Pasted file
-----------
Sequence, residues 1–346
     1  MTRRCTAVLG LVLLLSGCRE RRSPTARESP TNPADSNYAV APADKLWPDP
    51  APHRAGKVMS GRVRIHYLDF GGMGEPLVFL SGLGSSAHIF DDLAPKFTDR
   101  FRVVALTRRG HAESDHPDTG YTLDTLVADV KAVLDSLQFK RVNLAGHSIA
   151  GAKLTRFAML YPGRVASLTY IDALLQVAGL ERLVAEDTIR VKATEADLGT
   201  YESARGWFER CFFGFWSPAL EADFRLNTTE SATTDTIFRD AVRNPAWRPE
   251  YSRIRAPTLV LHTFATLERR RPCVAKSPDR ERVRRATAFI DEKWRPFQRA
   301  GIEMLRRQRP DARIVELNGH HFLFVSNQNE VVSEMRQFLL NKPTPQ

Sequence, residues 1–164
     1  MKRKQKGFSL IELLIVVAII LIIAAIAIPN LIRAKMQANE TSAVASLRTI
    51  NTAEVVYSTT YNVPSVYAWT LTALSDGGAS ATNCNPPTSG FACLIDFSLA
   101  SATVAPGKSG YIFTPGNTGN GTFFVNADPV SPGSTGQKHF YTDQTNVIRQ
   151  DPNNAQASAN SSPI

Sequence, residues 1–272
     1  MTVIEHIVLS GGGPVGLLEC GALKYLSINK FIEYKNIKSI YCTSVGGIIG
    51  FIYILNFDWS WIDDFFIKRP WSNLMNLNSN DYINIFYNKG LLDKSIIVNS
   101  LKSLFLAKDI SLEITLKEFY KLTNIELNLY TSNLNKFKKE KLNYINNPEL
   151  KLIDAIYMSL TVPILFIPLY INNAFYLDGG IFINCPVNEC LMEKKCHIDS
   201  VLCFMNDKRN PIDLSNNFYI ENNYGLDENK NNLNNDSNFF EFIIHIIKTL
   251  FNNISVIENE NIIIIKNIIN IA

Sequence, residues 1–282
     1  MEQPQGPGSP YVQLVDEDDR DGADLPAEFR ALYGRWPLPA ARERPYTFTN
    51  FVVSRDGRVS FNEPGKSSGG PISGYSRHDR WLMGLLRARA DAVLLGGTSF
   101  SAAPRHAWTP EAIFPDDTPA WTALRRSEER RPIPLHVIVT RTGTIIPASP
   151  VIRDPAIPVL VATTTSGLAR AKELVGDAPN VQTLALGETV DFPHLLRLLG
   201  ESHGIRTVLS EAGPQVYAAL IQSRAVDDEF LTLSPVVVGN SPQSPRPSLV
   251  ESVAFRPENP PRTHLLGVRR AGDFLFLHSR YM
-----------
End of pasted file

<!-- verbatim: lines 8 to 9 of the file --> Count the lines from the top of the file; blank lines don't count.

   301  GIEMLRRQRP DARIVELNGH HFLFVSNQNE VVSEMRQFLL NKPTPQ

Sequence, residues 1–164